Stock Market Direction by Steve Zito DELL Report
Dell Report. THIS ANALYSIS WAS WRITTEN JAN. 26, 2001
Despite its age, the conclusions still remain valid.
Steve Zito finished in the
TOP 2 STOCK TRADERS in the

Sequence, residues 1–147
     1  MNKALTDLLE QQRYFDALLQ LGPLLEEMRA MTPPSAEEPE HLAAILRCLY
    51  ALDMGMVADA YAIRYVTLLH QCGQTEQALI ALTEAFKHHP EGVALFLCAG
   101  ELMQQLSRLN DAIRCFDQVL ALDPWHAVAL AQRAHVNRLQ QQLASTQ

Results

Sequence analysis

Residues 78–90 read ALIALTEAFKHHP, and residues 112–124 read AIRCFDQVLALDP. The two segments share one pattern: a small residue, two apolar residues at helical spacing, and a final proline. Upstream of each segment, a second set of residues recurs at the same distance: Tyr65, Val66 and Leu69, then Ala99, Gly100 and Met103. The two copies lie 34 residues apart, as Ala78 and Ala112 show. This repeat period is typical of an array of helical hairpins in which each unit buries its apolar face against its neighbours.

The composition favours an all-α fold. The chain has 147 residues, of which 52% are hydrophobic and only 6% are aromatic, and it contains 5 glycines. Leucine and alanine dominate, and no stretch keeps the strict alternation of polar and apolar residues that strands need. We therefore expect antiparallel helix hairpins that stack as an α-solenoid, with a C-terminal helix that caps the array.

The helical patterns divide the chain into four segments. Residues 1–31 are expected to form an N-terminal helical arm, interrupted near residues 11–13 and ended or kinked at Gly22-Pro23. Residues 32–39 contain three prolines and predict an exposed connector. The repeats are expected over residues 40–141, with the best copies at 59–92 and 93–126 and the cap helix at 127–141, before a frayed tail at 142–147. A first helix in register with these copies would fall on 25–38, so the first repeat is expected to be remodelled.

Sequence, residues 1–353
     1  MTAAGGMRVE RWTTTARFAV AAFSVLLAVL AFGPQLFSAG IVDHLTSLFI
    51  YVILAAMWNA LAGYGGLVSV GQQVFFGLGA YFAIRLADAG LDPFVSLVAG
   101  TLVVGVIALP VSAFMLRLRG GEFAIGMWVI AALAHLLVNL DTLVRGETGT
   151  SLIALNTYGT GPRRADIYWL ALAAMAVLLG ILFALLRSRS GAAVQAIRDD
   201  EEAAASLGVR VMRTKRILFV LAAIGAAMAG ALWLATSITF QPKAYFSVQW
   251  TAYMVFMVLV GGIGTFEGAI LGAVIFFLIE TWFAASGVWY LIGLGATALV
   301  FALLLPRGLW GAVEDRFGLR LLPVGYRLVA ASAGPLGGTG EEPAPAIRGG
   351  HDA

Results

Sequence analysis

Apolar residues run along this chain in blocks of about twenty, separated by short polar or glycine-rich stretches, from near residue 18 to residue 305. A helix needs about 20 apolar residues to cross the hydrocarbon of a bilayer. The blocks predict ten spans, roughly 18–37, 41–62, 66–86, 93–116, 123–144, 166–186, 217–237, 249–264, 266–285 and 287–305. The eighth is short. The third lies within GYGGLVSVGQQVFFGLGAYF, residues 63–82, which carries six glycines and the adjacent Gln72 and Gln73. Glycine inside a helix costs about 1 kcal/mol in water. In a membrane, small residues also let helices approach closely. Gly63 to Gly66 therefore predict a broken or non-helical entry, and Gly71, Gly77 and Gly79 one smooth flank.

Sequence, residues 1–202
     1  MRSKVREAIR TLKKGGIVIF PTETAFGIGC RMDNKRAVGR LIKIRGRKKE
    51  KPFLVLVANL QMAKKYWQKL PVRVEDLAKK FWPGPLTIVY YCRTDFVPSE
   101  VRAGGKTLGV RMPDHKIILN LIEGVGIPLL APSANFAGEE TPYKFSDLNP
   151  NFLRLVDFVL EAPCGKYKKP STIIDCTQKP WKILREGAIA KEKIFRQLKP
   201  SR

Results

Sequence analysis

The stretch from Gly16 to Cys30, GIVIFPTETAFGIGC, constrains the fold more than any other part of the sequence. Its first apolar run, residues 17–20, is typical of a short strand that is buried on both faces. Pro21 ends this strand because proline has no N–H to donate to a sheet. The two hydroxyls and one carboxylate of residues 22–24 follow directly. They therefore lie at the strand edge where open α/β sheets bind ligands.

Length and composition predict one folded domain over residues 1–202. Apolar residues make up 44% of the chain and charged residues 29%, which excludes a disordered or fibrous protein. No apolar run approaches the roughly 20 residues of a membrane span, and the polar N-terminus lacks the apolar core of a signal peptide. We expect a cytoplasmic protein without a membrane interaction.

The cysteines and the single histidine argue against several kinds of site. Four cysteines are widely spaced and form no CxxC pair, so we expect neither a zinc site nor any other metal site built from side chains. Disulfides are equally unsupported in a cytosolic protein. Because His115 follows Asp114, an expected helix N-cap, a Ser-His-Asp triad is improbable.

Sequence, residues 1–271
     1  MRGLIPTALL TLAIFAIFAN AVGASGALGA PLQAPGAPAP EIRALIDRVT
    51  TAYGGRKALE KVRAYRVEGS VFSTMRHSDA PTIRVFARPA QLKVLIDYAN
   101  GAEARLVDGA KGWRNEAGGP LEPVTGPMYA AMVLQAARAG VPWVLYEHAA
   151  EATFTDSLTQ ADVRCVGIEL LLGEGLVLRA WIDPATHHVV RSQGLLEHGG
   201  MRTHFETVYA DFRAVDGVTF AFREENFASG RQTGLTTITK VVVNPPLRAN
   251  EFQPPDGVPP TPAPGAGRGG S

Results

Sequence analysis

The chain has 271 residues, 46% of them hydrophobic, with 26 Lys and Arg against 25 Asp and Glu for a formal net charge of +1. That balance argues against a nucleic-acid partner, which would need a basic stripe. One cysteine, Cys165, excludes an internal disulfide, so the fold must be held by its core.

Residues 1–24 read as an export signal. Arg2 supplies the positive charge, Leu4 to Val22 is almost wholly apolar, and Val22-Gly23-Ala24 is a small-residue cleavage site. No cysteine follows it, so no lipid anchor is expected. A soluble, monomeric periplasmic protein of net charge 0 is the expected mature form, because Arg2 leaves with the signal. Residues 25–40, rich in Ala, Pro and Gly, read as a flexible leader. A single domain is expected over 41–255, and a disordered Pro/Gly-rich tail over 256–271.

Since hitting a low near $16 on Dec. 21, 2000, Dell Computer (DELL) has rallied 62% to $26 at the time of writing this report. I added DELL to the Model Portfolio on Dec. 19 at $18.50 based on technical analysis and my fundamental research. First, on a technical basis, by Dec. 19, DELL had fallen 66% (Fibonacci move) from $53 in July 2000. On Dec. 19, Relative Strength (RSI) for DELL was approaching 0, ranking it at the bottom of stocks for performance rank. Every major brokerage had been recommending a "strong buy" on DELL in July 2000 when it was $53. By Dec. 19, these brokerages said "sell" making public statements such as, "PC's are dead", "we are no longer recommending DELL", "we don't have a position in it". In other words, sentiment in DELL at $16 was rock-bottom in mid-December 2000. Stochastic readings Dec. 19 were close to 0, lower than April 14, May 24, and Oct. 10, 2000, the previous yearly low stochastic readings on DELL. With sentiment 100% negative, and all technical analysis indicators showing an oversold condition, Dec. 19 was the right time to buy DELL. Consider that DELL has been one of the best performing stocks on Nasdaq over the last 10 years. I wrote frequently last summer on the Internet web when DELL was trading at $53 about the lop-sided 100% buy recommendation consensus on DELL of investment house analysts. I wrote in July that DELL "had to fall to $26 based on price to earnings valuation compared to its peer group". DELL peaked at that time, and began to fall sharply for the last five months, overshooting my "fair value" of $26 on the downside all the way to $16, thus making it incredibly oversold on a technical basis. As for the fundamental side, a foreign currency shift in one of DELL's key markets, Europe, began in early December. DELL receives revenue from European sales paid in Euros. In December of 2000, the Euro appreciated versus the US Dollar from $0.82 to $0.96, a 17% gain on DELL's European revenue with no associated increase in expenses. In other words, extra unexpected revenue which flows right to the bottom line as currency gain. A similar currency shift is also starting with the Japanese Yen. Brokerage house analysts may not understand how foreign exchange markets function. Read my INTEL Review to learn more about Dan Niles who studied Engineering in college, not business. Foreign Exchange is taught in Finance classes, and most analysts tend to be schooled in the knowledge of the industry field they analyze (e.g. computer industry analyst Dan Niles studied engineering in school, not Finance). This explains why brokerage house analysts are incredibly inaccurate at forecasting stock prices. Brokerage analysts have been so busy downgrading DELL at $16, after it has already fallen from $53, that they missed the bottom, and only now, in late January, have investment houses (four of them on the same day!) begun to upgrade DELL, but only after it recovered to trade above $26. Fundamentally, DELL CEO Michael Dell recently met with President Bush in Austin, Texas (DELL's headquarters location) for a CEO conference on the economy. Do not be surprised to see increased government contract business. Michael Dell has been one of President Bush's staunchest supporters. And most importantly, DELL is a just-in-time manufacturer with a business model requiring very little inventory. Even in a slow growth economic environment, DELL can adjust production overnight, reduce costs faster than any revenue declines, and still bring in profit growth. In fact, DELL may have a unique ability to take market share from all of its competitors through its ability to maintain minimal inventories. DELL has consistently delivered growth in unit sales.
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